Brachtel's musical genesis is partly typical: His father was a cellist with the Bayerischer Rundfunk radio orchestra; and the cello was the first instrument Brachtel learned to play. Even as a child, he regularly played in chamber music. He then learned to play the piano, but most importantly: the guitar. "I learned the classical repertoire from the cradle up. From there, it was only a tiny step up to jazz," he says. He studied jazz guitar first in Munich, then at the renowned Bruckner Conservatory in Linz. Improvisation, which he learned through jazz, remains one of his musical anchors today. But by his mid-20s, Brachtel had suddenly had enough of the sounds jazz improvisation. "It would always be my musical heritage, but I'd somehow had enough of the grey beards that defined the audience," he says. So he explored the field that was increasingly defining his private life: clubs.
Here works a man who loves to tinkers with sounds. A man who doesn't simply produce canned electronic music, but who creates his own alchemistic arrangements.
"The beauty of electronic dance music is that it has to work," says Brachtel. "There's no half-way house. You have to nail it in a club." But the high functional expectations mean that club music always sounds more monotone, so once a pattern is successful it's constantly copied. But Brachtel is too much of an compositional individualist to ever be satisfied with that. For example the beats, the backbone of all dance music. These days, they are mostly generated by special synthesisers such as the famous Drum Machine Roland TR 909, or from virtual machines that copy these devices. "I much prefer creating beats and sounds with different synthesisers that weren't specifically designed for the purpose. Or bringing in real drums or to tinker with everyday noises."
That's what Brachtel is working towards - it's standard in electronic dance music, with samples, or using sound material that already exists. But here too, he's unique. He produced one of his biggest scene hits with his project 'Tambien' on which he collaborated with the two Munich artists Valentino Betz and Marvin Schumann: 'Compagnia'. Over a driving, highly monotonous and yet bouncing beat, you can hear the droning, aggressive song of South Italian washer women that the musicians found on an obscure old record. It sounds so crazy, so eerily excessive, that the track immediately sounds like a sonic exclamation mark in every club it's played in. Mechanical, repetitive and yet vibrant: such is the stamp of Brachtel's club music – which is played at clubs from Tokyo to L.A.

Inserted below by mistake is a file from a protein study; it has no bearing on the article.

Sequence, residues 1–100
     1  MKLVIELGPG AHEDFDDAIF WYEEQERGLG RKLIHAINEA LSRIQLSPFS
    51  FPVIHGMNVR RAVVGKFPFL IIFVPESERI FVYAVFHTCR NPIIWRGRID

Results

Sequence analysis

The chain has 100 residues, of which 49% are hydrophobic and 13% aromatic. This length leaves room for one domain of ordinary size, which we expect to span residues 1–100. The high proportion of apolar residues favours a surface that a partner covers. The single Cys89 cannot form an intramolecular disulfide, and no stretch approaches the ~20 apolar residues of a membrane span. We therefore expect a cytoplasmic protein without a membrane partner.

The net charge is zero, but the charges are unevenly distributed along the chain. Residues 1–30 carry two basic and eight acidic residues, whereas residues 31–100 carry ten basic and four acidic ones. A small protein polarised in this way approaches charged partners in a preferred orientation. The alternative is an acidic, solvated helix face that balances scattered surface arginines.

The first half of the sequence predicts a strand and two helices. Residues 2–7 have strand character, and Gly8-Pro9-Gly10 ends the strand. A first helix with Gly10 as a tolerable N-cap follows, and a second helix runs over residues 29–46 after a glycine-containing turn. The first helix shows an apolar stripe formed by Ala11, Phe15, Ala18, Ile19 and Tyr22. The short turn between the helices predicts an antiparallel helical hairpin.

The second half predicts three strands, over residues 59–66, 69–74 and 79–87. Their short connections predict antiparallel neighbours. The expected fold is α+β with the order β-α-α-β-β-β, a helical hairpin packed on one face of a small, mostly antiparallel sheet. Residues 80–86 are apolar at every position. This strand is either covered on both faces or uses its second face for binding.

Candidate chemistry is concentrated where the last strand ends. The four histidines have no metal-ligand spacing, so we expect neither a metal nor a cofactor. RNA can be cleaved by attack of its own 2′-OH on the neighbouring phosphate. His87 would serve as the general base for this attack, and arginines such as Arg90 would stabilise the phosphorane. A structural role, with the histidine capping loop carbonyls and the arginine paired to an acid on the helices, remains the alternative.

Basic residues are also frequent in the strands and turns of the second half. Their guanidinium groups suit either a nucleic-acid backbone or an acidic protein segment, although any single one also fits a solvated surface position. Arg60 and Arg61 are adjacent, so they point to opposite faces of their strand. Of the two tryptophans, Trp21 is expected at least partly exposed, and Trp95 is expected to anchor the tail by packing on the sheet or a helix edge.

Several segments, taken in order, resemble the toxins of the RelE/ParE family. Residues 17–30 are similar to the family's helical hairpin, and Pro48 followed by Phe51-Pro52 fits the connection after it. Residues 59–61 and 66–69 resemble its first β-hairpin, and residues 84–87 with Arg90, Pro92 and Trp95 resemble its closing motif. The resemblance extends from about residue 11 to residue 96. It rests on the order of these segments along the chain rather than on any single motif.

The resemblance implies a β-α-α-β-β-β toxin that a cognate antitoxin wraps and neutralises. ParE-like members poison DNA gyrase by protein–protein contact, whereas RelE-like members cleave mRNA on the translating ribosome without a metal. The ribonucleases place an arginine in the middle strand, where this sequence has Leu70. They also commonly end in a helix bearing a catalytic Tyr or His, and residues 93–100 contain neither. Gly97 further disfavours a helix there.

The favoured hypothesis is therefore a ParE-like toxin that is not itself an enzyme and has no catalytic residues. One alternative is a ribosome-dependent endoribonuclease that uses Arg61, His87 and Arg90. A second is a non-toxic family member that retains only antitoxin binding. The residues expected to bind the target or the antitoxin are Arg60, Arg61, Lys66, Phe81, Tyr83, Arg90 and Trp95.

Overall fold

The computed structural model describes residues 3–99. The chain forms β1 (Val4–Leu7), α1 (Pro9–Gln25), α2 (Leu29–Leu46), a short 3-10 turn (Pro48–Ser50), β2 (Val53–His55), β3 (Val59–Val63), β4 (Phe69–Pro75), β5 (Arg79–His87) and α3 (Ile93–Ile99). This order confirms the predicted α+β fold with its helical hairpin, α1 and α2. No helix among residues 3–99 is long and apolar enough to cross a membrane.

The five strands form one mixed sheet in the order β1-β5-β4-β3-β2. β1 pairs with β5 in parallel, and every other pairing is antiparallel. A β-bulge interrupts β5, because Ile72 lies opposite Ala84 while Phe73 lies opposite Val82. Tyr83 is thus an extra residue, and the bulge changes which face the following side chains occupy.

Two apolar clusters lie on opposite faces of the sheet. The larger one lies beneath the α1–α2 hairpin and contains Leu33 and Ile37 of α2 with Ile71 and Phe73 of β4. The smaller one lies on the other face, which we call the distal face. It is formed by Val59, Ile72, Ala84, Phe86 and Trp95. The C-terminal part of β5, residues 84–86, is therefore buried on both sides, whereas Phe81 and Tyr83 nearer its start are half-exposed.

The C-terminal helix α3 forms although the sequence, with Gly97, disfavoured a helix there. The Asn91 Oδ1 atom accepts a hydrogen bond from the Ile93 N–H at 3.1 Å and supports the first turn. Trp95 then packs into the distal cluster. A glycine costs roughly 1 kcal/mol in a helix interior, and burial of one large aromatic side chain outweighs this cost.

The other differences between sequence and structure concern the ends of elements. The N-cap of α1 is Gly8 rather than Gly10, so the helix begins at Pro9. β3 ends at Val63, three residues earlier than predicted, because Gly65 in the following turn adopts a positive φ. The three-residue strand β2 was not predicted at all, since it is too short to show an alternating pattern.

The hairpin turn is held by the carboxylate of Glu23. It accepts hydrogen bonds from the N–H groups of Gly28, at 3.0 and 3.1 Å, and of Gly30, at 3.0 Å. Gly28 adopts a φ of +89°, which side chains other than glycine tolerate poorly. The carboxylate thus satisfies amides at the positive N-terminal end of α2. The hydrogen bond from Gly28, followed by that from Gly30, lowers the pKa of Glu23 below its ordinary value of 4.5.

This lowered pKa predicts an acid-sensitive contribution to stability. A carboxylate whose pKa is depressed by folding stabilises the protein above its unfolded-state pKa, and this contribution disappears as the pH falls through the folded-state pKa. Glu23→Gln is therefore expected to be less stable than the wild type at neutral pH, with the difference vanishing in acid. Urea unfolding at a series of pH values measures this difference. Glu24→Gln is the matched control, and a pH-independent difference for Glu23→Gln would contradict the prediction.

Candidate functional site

But just as he once felt restricted by jazz, he reached a point where it was no longer enough for him. So a few years ago he returned to the field that he'd left at the age of 12 when household chamber concerts had become boring: classical music. "The name in itself is a problem," he says. "Classical is a historical era, but 'new music' is clearly defined too. And you really don't want to use the term 'serious music'. He deals with it by saying he composes "for classical musicians."
"The beauty of electronic dance music is that it has to work."